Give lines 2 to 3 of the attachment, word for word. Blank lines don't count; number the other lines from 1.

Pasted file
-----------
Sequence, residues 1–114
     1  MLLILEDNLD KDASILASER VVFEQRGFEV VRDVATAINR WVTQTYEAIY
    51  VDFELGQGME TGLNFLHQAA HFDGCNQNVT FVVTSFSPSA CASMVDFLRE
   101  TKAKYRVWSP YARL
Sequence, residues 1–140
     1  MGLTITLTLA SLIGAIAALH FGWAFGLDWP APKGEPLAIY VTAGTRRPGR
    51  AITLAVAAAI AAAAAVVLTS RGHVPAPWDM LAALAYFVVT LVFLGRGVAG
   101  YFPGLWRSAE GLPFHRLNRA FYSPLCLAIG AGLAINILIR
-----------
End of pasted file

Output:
     1  MLLILEDNLD KDASILASER VVFEQRGFEV VRDVATAINR WVTQTYEAIY
    51  VDFELGQGME TGLNFLHQAA HFDGCNQNVT FVVTSFSPSA CASMVDFLRE